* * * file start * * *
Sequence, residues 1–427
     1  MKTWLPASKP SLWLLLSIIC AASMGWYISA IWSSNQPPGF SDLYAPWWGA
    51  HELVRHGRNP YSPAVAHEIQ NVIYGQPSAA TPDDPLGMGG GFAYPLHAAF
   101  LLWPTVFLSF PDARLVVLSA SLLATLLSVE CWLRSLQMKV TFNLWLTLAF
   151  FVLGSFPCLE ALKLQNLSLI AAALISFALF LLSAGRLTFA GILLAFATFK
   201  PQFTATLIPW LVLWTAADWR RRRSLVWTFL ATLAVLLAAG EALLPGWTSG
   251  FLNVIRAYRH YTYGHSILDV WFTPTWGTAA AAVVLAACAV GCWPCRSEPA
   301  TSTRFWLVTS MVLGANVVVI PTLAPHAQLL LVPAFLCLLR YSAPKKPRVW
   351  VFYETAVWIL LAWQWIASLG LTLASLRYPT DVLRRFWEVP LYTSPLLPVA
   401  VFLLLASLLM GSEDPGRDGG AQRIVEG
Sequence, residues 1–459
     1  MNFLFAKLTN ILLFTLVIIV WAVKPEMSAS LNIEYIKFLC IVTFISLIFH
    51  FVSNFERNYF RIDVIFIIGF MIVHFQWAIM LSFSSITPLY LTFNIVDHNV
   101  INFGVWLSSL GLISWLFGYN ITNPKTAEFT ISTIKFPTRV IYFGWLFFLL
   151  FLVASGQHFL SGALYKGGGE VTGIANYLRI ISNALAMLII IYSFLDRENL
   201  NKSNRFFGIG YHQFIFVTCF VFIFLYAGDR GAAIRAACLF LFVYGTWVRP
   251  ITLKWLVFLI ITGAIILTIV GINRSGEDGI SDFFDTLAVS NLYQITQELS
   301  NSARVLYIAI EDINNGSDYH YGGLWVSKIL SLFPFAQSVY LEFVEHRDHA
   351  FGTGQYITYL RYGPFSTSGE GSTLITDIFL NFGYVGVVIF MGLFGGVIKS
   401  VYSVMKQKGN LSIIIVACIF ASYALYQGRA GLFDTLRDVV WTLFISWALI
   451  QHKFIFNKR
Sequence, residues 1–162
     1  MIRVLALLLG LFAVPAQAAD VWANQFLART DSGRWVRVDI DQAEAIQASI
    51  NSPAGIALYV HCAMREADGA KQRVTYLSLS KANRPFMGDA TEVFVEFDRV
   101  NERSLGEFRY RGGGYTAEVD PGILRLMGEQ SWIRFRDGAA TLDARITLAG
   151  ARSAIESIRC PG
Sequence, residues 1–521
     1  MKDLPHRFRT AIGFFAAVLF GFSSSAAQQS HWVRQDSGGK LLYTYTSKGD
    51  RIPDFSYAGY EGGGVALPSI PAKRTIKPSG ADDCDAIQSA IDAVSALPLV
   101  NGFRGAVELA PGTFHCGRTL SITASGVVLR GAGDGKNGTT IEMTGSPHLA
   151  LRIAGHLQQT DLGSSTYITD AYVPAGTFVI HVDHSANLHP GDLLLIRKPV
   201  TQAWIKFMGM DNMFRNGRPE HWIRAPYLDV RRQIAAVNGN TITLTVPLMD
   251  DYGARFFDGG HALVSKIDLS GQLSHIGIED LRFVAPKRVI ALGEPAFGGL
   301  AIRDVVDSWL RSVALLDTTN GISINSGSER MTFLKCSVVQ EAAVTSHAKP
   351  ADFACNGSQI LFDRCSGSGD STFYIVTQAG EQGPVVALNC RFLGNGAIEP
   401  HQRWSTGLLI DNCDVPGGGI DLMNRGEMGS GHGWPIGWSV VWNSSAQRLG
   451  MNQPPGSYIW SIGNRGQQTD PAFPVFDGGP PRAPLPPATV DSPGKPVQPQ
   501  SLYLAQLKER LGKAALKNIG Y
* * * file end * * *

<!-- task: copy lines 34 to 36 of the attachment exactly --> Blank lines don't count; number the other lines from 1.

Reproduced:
   301  AIRDVVDSWL RSVALLDTTN GISINSGSER MTFLKCSVVQ EAAVTSHAKP
   351  ADFACNGSQI LFDRCSGSGD STFYIVTQAG EQGPVVALNC RFLGNGAIEP
   401  HQRWSTGLLI DNCDVPGGGI DLMNRGEMGS GHGWPIGWSV VWNSSAQRLG